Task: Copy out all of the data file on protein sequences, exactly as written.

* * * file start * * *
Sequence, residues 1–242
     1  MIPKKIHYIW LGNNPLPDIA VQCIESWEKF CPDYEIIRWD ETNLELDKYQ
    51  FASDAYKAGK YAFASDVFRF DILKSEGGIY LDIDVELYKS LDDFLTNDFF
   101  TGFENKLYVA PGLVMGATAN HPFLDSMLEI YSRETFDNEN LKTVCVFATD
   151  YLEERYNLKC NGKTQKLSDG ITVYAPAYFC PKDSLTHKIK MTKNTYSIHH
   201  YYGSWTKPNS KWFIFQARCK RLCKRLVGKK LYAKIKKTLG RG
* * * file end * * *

Sequence, residues 1–242
     1  MIPKKIHYIW LGNNPLPDIA VQCIESWEKF CPDYEIIRWD ETNLELDKYQ
    51  FASDAYKAGK YAFASDVFRF DILKSEGGIY LDIDVELYKS LDDFLTNDFF
   101  TGFENKLYVA PGLVMGATAN HPFLDSMLEI YSRETFDNEN LKTVCVFATD
   151  YLEERYNLKC NGKTQKLSDG ITVYAPAYFC PKDSLTHKIK MTKNTYSIHH
   201  YYGSWTKPNS KWFIFQARCK RLCKRLVGKK LYAKIKKTLG RG